The largesse that Facebook enjoys on desktop allows it to have such a strong presence on mobile devices, as users turn to phones and tablets for accessing the Menlo Park, Calif.-based social network. "While FB's greater amount of time spent certainly contributes to higher per-user monetization, it is not the reason for it," Sena said. "Rather, if we compare FB's mobile monetization to the industry on the basis of costper-minute (in thousands), we see a 9x differential, supporting our view that attribution and formats are the key gating factors to mobile, not screen size, both of which FB stands to help the industry resolve."
Facebook's scale on mobile is far greater than any other company on the Internet, accounting for nearly 22% of all the time spent by users. When factoring in Instagram and Whatsapp, that number rises, much higher than the next largest competitor, Apple (AAPL), which includes time spent in standard iOS apps. "Moreover, as the efficiency of the FB delivered ad improves with scale and data efficiency, it has the potential to further attract third-party buyer and seller. Therefore, we see this scale as possessing favorable network effect which bodes well for the initiative longer-term," Sena said in the note.
Facebook monetizes users in different parts of the globe differently, with the highest average revenue per user (ARPU) coming from the U.S. and Canada at $5.85 per user. If Facebook is able to get to that number for the 15% of the global smartphone market, that gives Facebook another $2 billion pro forma opportunity.
The upgrade comes at a time when Facebook and its users are particularly concerned about their privacy, as Facebook gets bigger in breath and scope. Today, the company announced then when a new user joins Facebook, "the default audience of their first post will be set to Friends," the company said in a statement. It had previously been set to Public.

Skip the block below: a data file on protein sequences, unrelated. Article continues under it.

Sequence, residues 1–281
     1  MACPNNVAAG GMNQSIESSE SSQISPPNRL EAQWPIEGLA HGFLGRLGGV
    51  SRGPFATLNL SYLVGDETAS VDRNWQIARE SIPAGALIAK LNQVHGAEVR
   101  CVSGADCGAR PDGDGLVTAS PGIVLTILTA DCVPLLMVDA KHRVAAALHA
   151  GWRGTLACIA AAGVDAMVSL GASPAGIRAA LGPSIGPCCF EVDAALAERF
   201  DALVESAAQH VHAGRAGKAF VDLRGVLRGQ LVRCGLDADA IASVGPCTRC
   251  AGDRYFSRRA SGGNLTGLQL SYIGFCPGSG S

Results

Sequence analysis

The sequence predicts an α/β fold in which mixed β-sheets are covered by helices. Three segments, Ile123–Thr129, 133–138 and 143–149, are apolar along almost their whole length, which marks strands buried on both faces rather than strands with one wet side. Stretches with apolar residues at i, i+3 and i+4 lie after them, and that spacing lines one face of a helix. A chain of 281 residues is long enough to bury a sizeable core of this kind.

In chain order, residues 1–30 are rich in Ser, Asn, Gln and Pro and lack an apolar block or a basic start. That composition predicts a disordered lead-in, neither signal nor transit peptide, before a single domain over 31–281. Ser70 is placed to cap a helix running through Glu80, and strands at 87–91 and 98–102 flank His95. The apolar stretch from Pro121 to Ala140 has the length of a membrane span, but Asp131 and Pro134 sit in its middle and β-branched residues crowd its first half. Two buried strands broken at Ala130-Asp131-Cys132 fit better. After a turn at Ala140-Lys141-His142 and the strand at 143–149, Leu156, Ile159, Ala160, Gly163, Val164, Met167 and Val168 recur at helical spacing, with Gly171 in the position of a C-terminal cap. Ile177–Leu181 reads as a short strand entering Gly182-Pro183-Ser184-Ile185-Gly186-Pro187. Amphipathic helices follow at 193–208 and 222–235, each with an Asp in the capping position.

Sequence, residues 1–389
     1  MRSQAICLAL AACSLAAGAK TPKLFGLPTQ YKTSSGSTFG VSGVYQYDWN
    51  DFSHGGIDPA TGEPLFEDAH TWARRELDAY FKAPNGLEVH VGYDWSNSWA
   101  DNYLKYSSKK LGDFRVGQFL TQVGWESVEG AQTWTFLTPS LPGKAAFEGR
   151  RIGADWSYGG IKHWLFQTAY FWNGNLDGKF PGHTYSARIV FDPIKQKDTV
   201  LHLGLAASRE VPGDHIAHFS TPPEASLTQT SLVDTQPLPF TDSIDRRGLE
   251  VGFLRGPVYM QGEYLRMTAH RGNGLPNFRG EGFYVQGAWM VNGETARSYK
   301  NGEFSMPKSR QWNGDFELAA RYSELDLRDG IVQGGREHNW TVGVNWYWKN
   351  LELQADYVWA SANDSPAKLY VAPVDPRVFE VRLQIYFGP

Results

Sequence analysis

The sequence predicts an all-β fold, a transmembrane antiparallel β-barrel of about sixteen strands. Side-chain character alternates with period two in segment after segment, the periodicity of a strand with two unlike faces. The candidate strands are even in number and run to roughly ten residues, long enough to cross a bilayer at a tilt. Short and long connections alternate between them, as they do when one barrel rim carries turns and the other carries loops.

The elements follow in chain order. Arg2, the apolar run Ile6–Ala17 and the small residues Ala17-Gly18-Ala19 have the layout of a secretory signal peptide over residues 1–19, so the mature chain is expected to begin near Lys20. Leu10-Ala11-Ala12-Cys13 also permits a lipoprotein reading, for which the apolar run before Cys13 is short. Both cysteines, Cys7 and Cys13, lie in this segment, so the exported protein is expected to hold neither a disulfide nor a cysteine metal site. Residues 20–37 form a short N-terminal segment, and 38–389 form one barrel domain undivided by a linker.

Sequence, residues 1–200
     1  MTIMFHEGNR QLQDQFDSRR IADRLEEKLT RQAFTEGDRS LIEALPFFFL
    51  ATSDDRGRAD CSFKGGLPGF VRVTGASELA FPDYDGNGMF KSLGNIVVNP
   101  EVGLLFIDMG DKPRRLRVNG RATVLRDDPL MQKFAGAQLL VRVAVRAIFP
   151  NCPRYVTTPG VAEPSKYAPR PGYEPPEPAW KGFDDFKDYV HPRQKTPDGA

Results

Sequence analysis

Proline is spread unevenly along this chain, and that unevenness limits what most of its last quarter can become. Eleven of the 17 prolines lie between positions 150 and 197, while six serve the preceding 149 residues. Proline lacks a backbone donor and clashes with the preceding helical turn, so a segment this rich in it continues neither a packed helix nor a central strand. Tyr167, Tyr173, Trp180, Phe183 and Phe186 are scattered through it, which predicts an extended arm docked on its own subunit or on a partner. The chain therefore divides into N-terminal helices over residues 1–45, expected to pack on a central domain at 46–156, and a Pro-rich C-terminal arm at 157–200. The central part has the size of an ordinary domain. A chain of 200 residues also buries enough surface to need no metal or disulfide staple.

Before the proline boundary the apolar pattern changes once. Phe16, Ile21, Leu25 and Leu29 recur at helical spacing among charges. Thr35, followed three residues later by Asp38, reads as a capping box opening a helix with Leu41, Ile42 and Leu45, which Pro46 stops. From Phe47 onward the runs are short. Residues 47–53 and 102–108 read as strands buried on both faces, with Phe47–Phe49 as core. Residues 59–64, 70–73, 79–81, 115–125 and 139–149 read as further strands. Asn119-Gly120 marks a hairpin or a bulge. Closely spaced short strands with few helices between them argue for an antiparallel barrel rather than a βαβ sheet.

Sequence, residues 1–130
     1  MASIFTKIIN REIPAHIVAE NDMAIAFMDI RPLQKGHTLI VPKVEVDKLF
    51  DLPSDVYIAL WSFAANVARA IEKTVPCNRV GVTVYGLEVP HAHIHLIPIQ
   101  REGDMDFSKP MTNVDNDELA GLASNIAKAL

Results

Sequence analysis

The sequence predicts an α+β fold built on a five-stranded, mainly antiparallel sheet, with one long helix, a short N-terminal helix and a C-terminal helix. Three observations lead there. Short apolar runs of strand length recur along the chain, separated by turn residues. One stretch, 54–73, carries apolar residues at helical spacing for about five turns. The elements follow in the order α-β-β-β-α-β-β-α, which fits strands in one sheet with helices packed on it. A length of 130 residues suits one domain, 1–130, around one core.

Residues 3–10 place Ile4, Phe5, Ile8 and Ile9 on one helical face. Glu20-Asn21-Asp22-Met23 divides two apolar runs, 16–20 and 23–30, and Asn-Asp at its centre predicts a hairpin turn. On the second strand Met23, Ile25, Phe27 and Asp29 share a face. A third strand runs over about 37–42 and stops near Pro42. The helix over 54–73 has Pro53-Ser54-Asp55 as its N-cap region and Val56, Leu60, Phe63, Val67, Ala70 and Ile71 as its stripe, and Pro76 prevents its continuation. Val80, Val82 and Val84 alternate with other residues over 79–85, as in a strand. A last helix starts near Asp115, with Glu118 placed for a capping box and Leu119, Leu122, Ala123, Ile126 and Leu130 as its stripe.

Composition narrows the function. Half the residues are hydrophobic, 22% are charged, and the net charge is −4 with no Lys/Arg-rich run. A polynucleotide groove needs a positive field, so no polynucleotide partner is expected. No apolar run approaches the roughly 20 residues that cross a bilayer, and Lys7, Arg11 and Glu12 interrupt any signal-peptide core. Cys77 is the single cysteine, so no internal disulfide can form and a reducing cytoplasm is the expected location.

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Facebook also noted that for those who are already on the social network, the company will start rolling out "a new and expanded privacy checkup tool, which will take people through a few steps to review things like who they're posting to, which apps they use, and the privacy of key pieces of information on their profile."
At the company's F8 developer conference, CEO Mark Zuckerberg took several steps to address these concerns. "Over the years, one of the things we've heard just over and over again is that people want more control over how they share their information, especially with apps, and they want more say and control over how apps use their data," Zuckerberg said during the keynote.
Zuckerberg noted that people were scared to use the Login with Facebook button, because it required people to originally share all of their data with the app, and potentially intrude on their friends. As such, Facebook launched the Anonymous Login, a way for people to log into apps without sharing personal information from Facebook with developers. "By giving people more power and control, they're going to trust our apps more, and use them more. That's positive for everyone."
-- Written by Chris Ciaccia in New York
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